Cane Creek is a new entrant into the suspension fork market, having released its Helm fork less than a year ago. We got a very spangly Limited Edition blue fork to test and gave it to our resident tech nerd, David Hayward, who has been testing it aboard a Merida One Sixty.
The Helm was something of a surprise when we spotted it, just before it was announced, on Cane Creek’s website. After more than a decade since it made the Double Barrel shock, Cane Creek has finally taken the leap into making its own forks. We’ve been testing one of the Launch Air forks, limited to 300 in blue. If you want one yourself, at present it’ll be black, or a sumptious black and gold.
The Helm is built around 35mm stanchions, with travel adjustment from 140 to 170mm, so is aimed solidly at trail and enduro bikes. Externally it has rebound, high and low speed compression adjustments, plus a button to pressurise the negative air chamber (more on that in a bit). Internally, it has air volume adjustment by repositioning a static piston, and travel adjustment via spacers.
Air volume adjustment is a simple affair, somewhat like putting spacers in a Rockshox, Fox or DT Swiss fork. Unlike those, the Helm operates with a piston on a notched shaft though. Depressurise the fork, remove the top nut and air volume shaft with a spanner, then simply reposition and reassemble. One difference this makes compared to plastic spacers is that you can’t file a spacer down to a half or quarter, but the eight possible positions seem roughly equivalent to half spacers in other forks.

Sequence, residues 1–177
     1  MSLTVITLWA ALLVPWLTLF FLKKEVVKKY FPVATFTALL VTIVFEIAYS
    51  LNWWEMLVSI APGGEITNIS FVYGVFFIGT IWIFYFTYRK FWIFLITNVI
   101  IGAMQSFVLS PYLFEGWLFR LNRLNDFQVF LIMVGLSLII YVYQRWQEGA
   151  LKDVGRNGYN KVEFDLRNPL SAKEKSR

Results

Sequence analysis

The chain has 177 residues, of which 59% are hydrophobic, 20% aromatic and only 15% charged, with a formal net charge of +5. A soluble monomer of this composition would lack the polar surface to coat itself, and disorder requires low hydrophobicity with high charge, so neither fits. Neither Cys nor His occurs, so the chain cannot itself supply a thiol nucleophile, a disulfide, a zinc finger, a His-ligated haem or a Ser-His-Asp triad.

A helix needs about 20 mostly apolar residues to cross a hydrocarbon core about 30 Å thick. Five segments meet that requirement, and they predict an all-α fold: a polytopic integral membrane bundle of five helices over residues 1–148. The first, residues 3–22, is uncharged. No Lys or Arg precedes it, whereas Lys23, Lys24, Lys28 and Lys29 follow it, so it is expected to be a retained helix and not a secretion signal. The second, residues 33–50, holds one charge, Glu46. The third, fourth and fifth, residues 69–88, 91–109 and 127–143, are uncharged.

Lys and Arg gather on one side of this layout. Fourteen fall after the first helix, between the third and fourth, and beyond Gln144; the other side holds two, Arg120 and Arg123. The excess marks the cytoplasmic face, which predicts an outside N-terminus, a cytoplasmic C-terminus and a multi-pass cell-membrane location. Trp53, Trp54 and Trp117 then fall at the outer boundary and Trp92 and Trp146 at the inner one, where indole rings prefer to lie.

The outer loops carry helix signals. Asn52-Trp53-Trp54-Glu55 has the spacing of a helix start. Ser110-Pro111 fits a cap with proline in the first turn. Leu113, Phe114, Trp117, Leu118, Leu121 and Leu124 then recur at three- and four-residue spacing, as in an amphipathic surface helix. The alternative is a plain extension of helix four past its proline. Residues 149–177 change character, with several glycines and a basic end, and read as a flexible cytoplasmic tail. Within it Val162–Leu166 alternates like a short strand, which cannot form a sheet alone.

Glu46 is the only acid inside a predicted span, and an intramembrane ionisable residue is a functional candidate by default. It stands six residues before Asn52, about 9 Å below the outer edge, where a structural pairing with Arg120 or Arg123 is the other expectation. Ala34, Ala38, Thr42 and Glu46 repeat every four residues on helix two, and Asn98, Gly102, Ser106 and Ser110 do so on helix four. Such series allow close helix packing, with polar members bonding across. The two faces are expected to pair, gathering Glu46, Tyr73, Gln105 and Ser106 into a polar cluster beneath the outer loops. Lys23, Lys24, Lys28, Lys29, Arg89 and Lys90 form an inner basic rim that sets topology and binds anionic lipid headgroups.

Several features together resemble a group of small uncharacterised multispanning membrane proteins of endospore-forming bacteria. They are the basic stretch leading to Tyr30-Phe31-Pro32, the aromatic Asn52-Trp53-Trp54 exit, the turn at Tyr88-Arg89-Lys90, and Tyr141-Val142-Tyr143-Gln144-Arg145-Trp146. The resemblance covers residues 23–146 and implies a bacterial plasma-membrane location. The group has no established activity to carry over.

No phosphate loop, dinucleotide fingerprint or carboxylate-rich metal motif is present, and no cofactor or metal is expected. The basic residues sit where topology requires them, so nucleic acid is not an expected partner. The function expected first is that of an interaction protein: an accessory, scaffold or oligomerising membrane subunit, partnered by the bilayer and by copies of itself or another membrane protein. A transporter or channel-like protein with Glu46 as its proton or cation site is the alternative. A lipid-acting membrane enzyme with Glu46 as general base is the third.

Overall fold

Travel is internally adjustable in 10mm increments, and all that’s required to do that is a few common tools, plus plastic spacers that pop onto the shaft inside the right hand fork leg. Doing this is a more complicated procedure than air volume adjustment, but it’s much simpler than many other forks, and the process really shows the design thinking Cane Creek has put into the Helm.
Firstly, the only parts that need changing are the number of spacers clipped onto the shaft. No cartridge or shaft changes are required. Secondly, the Helm is designed to minimise the number of tools required to get into and reassemble the fork. Just two spanners (13 and 18mm), a mallet, plus one pokey thing (to let the air out) will get the travel adjust done, and the air volume adjustment only needs a 30mm spanner or socket. Every other step on these jobs can be done with your fingers.
The internals are readily comprehensible and, compared to some other forks I’ve opened only to find all sorts of tiny ball bearings and springs, very easy to work on. Finally, one very convenient part of the process is that, when you remove the uppers with the fork face down on a flat surface, the lowers are designed to retain all of their oil, so you don’t even need to drain, then refill them.
Cane Creek’s designers seem to have done their utmost to make the internals accessible and quickly understandable for home mechanics, documenting everything with good video tutorials. This fork came factory set to 160mm; I removed a spacer to bump it up to 170mm, then put it on a Merida One-Sixty.